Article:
CCL2/monocyte chemoattractant protein 1 and parathyroid hormone action on bone

Jawed Akhtar Siddiqui, Nicola C. Partridge

Research output: Contribution to journalReview articlepeer-review


Chemokines are small molecules that play a crucial role as chemoattractants for several cell types, and their components are associated with host immune responses and repair mechanisms. Chemokines selectively recruit monocytes, neutrophils, and lymphocytes and induce chemotaxis through the activation of G protein-coupled receptors. Two well-described chemokine families (CXC and CC) are known to regulate the localization and trafficking of immune cells in cases of injury, infection, and tumors. Monocyte chemoattractant protein 1 (MCP-1/CCL2) is one of the important chemokines from the CC family that controls migration and infiltration of monocytes/macrophages during inflammation. CCL2 is profoundly expressed in osteoporotic bone and prostate cancer-induced bone resorption. CCL2 also regulates physiological bone remodeling in response to hormonal and mechanical stimuli. Parathyroid hormone (PTH) has multifaceted effects on bone, depending on the mode of administration. Intermittent PTH increases bone in vivo by increasing the number and activity of osteoblasts, whereas a continuous infusion of PTH decreases bone mass by stimulating a net increase in bone resorption. CCL2 is essential for both anabolic and catabolic effects of PTH. In this review, we will discuss the pharmacological role of PTH and involvement of CCL2 in the processes of PTH-mediated bone remodeling.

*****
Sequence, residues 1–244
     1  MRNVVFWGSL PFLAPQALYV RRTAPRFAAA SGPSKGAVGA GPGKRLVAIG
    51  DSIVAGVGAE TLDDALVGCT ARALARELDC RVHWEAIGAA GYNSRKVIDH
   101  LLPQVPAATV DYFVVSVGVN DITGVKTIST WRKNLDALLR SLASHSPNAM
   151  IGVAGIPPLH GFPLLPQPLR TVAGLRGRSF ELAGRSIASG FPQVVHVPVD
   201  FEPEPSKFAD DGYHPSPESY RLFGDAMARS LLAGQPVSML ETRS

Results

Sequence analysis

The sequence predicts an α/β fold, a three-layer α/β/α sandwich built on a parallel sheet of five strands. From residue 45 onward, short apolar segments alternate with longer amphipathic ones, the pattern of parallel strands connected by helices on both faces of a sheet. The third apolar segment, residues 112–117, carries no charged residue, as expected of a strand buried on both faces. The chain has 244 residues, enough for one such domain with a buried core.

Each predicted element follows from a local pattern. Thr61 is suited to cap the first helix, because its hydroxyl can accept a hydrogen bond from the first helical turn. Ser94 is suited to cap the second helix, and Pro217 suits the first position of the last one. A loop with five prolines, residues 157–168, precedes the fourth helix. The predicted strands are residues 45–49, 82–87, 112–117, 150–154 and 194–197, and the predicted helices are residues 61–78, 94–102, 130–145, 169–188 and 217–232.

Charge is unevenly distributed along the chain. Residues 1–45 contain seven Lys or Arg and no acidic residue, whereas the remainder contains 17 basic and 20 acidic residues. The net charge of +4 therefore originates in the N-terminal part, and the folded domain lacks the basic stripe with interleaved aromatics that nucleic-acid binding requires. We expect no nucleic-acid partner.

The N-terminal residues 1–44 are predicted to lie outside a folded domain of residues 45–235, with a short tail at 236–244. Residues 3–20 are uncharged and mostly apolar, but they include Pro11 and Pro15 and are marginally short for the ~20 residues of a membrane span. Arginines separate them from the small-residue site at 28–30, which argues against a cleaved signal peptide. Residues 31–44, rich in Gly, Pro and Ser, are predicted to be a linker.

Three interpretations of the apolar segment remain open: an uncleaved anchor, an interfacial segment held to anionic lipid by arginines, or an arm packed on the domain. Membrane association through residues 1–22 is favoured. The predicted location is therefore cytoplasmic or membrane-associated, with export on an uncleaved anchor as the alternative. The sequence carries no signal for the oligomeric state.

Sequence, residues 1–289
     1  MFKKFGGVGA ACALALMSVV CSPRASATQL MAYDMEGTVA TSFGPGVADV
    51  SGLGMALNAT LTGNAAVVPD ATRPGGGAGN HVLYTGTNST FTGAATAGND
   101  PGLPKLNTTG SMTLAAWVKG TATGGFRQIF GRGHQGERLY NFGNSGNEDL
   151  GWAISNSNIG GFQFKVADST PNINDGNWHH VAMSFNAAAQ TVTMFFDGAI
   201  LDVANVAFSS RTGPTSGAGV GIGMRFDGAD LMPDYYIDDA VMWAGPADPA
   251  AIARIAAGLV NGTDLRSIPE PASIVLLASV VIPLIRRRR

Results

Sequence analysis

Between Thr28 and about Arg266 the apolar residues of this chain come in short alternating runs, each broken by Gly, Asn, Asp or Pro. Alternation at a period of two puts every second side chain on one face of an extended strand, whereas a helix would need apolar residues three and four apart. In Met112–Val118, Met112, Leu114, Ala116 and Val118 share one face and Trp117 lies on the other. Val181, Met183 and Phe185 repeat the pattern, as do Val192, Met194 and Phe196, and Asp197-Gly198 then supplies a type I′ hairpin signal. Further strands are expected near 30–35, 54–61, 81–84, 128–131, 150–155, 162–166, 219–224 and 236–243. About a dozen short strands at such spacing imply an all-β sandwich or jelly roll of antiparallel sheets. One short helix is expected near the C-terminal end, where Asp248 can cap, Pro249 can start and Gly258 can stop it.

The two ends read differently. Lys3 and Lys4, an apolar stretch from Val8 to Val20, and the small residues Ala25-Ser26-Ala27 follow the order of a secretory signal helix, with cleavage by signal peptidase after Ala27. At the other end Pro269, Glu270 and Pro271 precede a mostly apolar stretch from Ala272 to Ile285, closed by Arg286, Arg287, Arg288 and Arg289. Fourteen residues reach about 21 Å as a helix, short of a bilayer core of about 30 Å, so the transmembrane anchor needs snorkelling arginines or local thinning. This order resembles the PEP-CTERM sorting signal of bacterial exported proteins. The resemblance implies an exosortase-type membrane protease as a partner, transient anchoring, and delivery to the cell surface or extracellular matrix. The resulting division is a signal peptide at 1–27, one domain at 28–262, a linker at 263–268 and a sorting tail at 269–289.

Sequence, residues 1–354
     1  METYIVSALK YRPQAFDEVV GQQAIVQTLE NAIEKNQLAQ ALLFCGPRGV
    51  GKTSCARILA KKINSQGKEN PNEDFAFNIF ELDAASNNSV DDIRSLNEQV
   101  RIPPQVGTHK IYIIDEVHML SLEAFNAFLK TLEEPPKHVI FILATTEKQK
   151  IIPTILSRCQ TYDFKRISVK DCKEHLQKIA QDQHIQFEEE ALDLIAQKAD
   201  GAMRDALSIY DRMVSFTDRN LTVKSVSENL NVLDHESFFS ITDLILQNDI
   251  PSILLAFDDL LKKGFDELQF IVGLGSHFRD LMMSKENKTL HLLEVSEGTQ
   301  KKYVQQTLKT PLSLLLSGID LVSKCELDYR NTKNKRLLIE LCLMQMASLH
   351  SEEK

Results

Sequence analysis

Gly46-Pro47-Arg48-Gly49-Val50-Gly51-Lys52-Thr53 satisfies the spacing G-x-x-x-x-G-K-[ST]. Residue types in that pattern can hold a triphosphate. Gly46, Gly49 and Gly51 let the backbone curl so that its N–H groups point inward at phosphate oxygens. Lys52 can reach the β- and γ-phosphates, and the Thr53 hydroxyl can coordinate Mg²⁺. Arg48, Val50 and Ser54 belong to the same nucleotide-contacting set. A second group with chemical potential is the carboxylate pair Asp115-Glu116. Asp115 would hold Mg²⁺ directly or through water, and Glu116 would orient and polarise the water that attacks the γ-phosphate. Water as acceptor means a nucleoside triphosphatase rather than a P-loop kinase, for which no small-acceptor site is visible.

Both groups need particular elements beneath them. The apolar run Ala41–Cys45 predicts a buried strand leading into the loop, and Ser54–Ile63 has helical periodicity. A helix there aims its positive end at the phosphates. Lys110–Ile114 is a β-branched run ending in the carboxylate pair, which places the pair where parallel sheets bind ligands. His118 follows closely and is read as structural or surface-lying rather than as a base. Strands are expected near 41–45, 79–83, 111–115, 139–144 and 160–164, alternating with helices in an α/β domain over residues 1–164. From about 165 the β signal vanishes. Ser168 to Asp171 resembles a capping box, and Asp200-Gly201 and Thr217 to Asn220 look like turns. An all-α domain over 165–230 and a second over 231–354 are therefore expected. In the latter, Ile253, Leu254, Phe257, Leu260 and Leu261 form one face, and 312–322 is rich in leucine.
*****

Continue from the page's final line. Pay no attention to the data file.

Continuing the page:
Original languageEnglish (US)
Article number49
JournalFrontiers in Endocrinology
Issue numberMAR
StatePublished - Mar 29 2017


  • Chemokines
  • Monocyte chemoattractant protein 1
  • Osteoblast
  • Osteoclast
  • Parathyroid hormone and bone remodeling

ASJC Scopus subject areas

  • Endocrinology, Diabetes and Metabolism


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